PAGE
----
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Mir Amateur Radio status: October 1, 1998

Mir Amateur Radio Status:  October 1, 1998

by Miles Mann WF1F,
MAREX-NA (Manned Amateur Radio Experiment, North American Division)

The Crew of the Mir station have been kept busy with normal station keeping
 and other
routine experiments.  The crew have not had much time for amateur radio
voice contacts.
However they have been taking time to read and reply to some of the
hundreds of mail
messages they keep getting via the Personal Mail System (PMS).

The PMS has been on line over 80% of the time over the past few months.
The crew does
have to shutdown some of the Amateur Radio experiments periodically
(docking, EVA, etc.).
The down time for the PMS is usually only for a few days at a time.  There
is the
possibility of a 1-3 day shutdown during the Progress 40 docking later this

The PMS system consists of the following hardware:
Kenwood TM-733 Dual Band transceiver
Kantronics KPC-9612 (running at 1200 baud)
Larsen Dual band mobile antenna (2m/70cm)
Frequency/Mode: 145.985 FM Simplex

There has been a lot of access of the mail box over the past few weeks.
For more information, check out the how to work Mir articles in the web
pages below.
And remember, the PMS system is designed to support only 1 user at a time.

All others should patiently wait for the person using the mail box to log
out <<D>> before you attempt to connected to the PMS.  The only active
log-in port is
R0MIR-1,  the other port R0MIR is a dead port and should not be used.

SAFEX-II Repeater:
I have not heard any reports of activity since last summer.  I am
interested in
hearing 70cm signal quality reports.

Next Rocket Launch:  Progress 40
The Mir supply rockets are called Progress rockets.  Every 4-8 months a new
Cargo rocket is launched to Mir to bring new supplies to the crew. The next
rocket going to the Mir Space Station is tentatively scheduled to launch
October 25, 1998.  The rocket will contain the typical supplies, Food,
water, fuel
and equipment to support the on-going experiments on Mir.  And there is the

possibility of two new Amateur Radio Projects.

The Amsat-France Sputnik RS-17-2 and the MAREX-NA Slow Scan Television
have both been approved for Mir flight status.  Both projects are completed
are waiting a flight opportunity to Mir.  The information I received this
is that both projects are in the process of being backed in flight
Both projects will then be then taken to the Progress launch site in
for launch.
After the Progress is loaded with all of the high priority cargo

ís such as
water, fuel, experiments, etc.).  The inventory manifest will be review to
see if
there is any extra space left
in this Progress cargo rocket.  If space is available, then one or both of
projects may be flown.  We will not know for sure until after Progress 40
It is completely understandable that other higher priority cargoís may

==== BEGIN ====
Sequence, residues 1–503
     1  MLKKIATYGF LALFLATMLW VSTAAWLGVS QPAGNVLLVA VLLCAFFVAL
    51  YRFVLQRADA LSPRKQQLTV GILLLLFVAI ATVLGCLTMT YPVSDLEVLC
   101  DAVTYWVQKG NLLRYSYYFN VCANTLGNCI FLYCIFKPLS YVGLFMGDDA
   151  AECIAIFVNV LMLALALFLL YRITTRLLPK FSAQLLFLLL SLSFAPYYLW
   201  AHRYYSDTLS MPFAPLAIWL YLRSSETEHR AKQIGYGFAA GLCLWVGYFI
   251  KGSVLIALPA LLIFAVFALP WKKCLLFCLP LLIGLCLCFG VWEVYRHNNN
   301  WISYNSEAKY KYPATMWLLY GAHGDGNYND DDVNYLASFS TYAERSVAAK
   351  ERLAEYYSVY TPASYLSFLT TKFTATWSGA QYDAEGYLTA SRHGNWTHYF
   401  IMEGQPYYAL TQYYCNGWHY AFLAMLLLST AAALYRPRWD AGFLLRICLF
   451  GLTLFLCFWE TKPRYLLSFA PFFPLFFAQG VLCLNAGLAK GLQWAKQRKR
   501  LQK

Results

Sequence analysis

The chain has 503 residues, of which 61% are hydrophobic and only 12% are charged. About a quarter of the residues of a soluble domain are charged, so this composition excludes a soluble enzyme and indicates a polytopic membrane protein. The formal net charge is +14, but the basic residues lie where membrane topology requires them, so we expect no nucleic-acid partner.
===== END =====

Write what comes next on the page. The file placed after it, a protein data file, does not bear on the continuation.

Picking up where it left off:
prevent the
Amateur Radio projects from flying on this mission.  I hope that everyone
will be
understanding if the projects are moved to a different launch date.

The MAREX-NA Mir SSTV (Kenwood/Tasco) system has been certified for use on
Mir and
the approval to fly has been signed.  The IARU has suggested operational
for the SSTV system of 437.975 FM Simplex.  This frequency was chosen to be

compatible with all of the existing Amateur Radio equipment on Mir.

The specific launch date for the SSTV project has not been chosen at this
There are currently 3 options:
Progress Cargo Rocket October 25, 1998
Progress Cargo Rocket February 99
Manned Soyuze spring 99

Sputnik RS-17-2
Do you remember RS-17-1 last December 97?  It was a very popular Beeping
satellite which
was tossed out the door of Mir last year.  RS-17-1 beeped for over 6 weeks
and was heard
by thousands of people around the world.  An identical RS-17-2 was also
to Mir last year and is still on board Mir.  Later this year, the internal
electronics will be swapped out
with a new electronics module/batteries and then launched from Mir.  More
will be released later this fall.

Mir Crew Members:
The current crew consists of:

Current Crew
SOYUZ TM-28 arrived at Mir on August 16. Mir Soyuz TM-28 crew consisted of
Avdeyev, Gennadiy Padalko and Yuri Baturin.  (Sergei and Gennadiy both
training on the MAREX-NA SSTV system in Star City).

Mir Visibility:
Mir will be visible in the evening skies over North America most of this
It will appear as a bright star moving very fast.  The best viewing times
between 1 - 3 hours after your local sunset. Use your own tracking program
search the web for visibility listings.

The Russian Service module of the International Space Station (ISS also
unofficially Alpha) will contain 4 antenna feed-through ports dedicated
for Amateur Radio Antenna Access.  The Russian Docking Adapter will also
2 antenna feed-through ports dedicated for Amateur Radio Antenna Access.
When the
first ISS crew arrives, they will already have ports to use for Amateur
Ports 1,2 and 3 are tentatively planned for 144,435, 1200 mc, and port 4
for HF
(10, 15 and 20 meters).  Ports 5 & 6 will be for UHF and SHF bands.
Now the fun begins, and the designing of projects to use the ISS antenna
is under development.
We will publish more details as they become available.

Web Page information
For general information about some of the Mir Projects, check the web page

     http://www.ik1sld.org/mirex.htm  OR

For information about the MAREX-NA SSTV project, check the web page at:


Copyright 1998 Miles Mann, All Rights Reserved.  This document may be
freely distributed via the following means - Email (including listservers),
Usenet, and WorldWideWeb.  It may not be reproduced for profit including,
but not limited to, CD ROMs, books, and/or other commercial outlets without
prior written consent from the author.

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Miles WF1F